John Fletcher Egbert
Founder of the Deaf Bilingual Coalition
A native of Jackson, Mississippi, John Egbert was born to hearing parents, but had a deaf brother, Billy, 20 months his senior. His parents had been counseled not to use sign language with the boys, so they were enrolled in a succession of oral schools. First came the Chinchuba School for the Deaf in Marrero, near New Orleans, Louisiana. "I was their poster child," he says, recalling that almost every Friday, the school gave public demonstrations to hearing audiences.
At Chinchuba, he was stationed at a back blackboard, writing down endless series of multiplication tables while the teacher worked with the other students, who had a tougher time understanding her. "Even though I had a 75-decibel loss, I had the talent of picking up what the teachers were saying."
After third grade, John and Billy were transferred to a hearing Catholic school, without any support services. "No longer a poster child, I became an instant nobody. . . . I missed a lot of what the teachers were saying." After 45 days of this, they were transferred to the public John Davison School in Algiers, just over the river from New Orleans. A special-ed teacher worked with the school's eight or so deaf children. John and Billy commuted to school via bus and ferry each morning, and as they didn't get much help from their parents, were each other's support system. They explored New Orleans together, caught snakes in the swamps, and constructed treehouses and go-karts.
John attended public school until 11th grade, and entered Gallaudet College . . . and got his first exposure to ASL. "Learning ASL changed my life," he says. "I accepted myself as a Deaf person and became much happier."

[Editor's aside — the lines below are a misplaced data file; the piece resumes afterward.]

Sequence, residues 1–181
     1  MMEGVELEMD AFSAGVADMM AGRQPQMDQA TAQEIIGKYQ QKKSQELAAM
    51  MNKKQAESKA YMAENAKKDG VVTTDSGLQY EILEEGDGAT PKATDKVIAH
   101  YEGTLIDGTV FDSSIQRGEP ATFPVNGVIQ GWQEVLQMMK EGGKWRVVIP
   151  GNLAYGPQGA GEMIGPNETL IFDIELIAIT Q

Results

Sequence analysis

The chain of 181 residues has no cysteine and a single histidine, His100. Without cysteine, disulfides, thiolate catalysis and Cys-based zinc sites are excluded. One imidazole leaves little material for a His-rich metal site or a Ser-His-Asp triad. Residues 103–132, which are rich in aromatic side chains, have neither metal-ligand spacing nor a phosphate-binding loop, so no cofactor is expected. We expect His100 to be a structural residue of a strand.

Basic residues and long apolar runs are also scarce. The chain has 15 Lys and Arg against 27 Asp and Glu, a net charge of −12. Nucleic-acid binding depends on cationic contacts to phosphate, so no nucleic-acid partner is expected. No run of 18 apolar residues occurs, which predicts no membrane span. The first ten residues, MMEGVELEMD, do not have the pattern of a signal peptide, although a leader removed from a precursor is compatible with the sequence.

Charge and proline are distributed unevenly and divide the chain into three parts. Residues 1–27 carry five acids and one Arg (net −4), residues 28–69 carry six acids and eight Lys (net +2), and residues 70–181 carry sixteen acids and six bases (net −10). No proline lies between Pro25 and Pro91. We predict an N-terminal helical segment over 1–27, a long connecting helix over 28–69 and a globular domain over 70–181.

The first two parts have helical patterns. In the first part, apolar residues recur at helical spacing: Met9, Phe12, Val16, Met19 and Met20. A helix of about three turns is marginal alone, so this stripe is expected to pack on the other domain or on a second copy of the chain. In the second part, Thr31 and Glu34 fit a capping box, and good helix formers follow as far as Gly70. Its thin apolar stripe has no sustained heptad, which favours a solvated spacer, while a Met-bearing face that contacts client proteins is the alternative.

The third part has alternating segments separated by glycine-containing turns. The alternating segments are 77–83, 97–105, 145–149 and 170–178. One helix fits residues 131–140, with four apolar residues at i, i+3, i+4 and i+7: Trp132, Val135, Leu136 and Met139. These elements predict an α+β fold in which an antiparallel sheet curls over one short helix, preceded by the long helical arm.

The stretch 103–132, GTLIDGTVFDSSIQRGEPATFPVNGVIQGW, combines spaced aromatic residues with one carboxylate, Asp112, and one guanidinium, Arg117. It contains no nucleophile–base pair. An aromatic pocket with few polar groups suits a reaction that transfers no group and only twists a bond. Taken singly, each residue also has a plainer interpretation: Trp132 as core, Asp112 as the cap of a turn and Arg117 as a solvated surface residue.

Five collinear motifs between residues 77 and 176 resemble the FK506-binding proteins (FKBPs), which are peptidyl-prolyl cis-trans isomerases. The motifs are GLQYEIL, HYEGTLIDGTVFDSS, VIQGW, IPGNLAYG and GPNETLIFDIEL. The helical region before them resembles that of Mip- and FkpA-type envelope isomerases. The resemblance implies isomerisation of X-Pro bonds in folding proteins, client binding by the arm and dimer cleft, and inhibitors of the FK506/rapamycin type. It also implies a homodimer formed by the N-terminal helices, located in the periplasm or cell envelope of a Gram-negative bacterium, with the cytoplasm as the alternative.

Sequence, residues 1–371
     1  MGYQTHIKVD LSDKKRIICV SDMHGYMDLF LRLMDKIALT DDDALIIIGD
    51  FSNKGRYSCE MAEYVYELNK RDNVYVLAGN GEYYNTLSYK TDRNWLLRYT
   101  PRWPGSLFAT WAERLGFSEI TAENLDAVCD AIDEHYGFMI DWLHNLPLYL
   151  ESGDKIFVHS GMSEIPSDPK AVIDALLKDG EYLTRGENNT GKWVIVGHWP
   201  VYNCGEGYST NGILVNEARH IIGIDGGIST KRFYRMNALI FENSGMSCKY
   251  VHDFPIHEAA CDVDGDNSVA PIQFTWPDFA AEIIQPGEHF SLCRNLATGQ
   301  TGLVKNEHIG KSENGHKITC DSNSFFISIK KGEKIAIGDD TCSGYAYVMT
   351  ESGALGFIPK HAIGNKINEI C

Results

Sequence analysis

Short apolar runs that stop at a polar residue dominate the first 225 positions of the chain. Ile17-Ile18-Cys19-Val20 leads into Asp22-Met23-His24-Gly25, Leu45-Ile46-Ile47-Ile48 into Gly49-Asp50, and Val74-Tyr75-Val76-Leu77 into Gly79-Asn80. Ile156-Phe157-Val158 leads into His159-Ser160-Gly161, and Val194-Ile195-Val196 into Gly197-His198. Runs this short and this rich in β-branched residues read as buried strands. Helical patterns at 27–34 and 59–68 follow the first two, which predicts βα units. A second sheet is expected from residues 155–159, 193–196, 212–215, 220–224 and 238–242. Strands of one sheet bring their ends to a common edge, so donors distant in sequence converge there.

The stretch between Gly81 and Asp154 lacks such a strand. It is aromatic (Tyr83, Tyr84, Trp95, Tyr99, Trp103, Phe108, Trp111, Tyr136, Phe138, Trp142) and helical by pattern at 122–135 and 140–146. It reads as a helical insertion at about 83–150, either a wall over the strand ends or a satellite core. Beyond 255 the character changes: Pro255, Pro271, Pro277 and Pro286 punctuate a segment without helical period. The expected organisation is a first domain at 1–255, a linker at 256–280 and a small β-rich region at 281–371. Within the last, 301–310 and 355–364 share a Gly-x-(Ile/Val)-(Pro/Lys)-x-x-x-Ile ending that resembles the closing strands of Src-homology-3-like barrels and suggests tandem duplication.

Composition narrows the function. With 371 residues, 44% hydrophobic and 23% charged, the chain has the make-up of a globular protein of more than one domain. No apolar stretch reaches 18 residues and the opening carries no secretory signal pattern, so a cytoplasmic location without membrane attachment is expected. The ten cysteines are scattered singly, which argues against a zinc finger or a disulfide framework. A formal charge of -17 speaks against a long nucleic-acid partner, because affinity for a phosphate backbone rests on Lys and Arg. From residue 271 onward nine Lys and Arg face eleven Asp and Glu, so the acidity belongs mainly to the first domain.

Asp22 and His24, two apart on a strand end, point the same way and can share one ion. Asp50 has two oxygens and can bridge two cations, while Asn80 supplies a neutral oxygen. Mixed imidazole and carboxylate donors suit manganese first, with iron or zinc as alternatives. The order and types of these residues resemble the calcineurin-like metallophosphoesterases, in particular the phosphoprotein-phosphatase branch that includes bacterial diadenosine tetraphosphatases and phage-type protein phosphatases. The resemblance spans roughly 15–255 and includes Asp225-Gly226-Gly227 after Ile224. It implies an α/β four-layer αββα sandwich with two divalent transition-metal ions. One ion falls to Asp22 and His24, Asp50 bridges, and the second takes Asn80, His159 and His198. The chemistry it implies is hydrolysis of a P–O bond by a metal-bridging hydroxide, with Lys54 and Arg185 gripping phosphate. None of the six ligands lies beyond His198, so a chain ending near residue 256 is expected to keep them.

He married a Gallaudet classmate, and they started a new family—two deaf children, Clyde and Stella. They were enrolled in a school for the deaf. John became increasingly concerned about the quality of education they were getting. Some 70 percent of their classmates were from mainstreamed backgrounds and didn't have any prior exposure to ASL. The kids learned it from each other instead of from the teachers. Although the school required students to attend speech-therapy sessions, almost all of them hated it because they were pulled out of their regular classes for it, and considered it a waste of time. They wanted more education, not more speech training. Yet this same school offered no classes in ASL. And this wasn't just a situation unique to this school or the state policy—it was happening all over the nation!
And the superintendent told him that hearing parents were the dominant force in deaf-ed.
This motivated him to write and publish a novel, MindField, but then he realized that it wouldn't reach the majority of those whom he wanted to reach, so he "decided to start a grassroots movement" to advocate for the right of deaf babies to have full and immediate access to sign language as the best way to develop visual-communication skills, cognition, "to learn how to learn."
The grassroots movement he founded, the Deaf Bilingual Coalition, held its first national conference in Milwaukee, June 27-30, attracting several hundred attendees, Deaf and hearing, from across the nation and Canada. John participated, of course, doing person-to-person outreach with AGBell conference attendees. He urges parents to sign to their deaf children, to learn sign language, embrace it, use it as a basis for learning language skills. They'll be glad they did.
He's been through it all; he knows what he's talking about.